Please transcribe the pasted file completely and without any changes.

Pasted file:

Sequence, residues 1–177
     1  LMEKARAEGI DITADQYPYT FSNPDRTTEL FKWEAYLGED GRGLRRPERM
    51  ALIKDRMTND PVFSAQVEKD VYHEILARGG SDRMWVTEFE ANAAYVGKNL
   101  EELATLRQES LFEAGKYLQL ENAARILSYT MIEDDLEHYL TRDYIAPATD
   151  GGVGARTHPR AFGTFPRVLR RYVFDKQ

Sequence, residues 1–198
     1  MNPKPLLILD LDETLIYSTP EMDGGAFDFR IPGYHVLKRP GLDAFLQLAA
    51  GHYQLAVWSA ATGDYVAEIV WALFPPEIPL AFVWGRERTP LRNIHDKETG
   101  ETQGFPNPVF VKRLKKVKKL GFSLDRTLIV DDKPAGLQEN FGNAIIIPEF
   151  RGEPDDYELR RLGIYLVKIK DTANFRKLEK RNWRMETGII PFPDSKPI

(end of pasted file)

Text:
Sequence, residues 1–177
     1  LMEKARAEGI DITADQYPYT FSNPDRTTEL FKWEAYLGED GRGLRRPERM
    51  ALIKDRMTND PVFSAQVEKD VYHEILARGG SDRMWVTEFE ANAAYVGKNL
   101  EELATLRQES LFEAGKYLQL ENAARILSYT MIEDDLEHYL TRDYIAPATD
   151  GGVGARTHPR AFGTFPRVLR RYVFDKQ

Sequence, residues 1–198
     1  MNPKPLLILD LDETLIYSTP EMDGGAFDFR IPGYHVLKRP GLDAFLQLAA
    51  GHYQLAVWSA ATGDYVAEIV WALFPPEIPL AFVWGRERTP LRNIHDKETG
   101  ETQGFPNPVF VKRLKKVKKL GFSLDRTLIV DDKPAGLQEN FGNAIIIPEF
   151  RGEPDDYELR RLGIYLVKIK DTANFRKLEK RNWRMETGII PFPDSKPI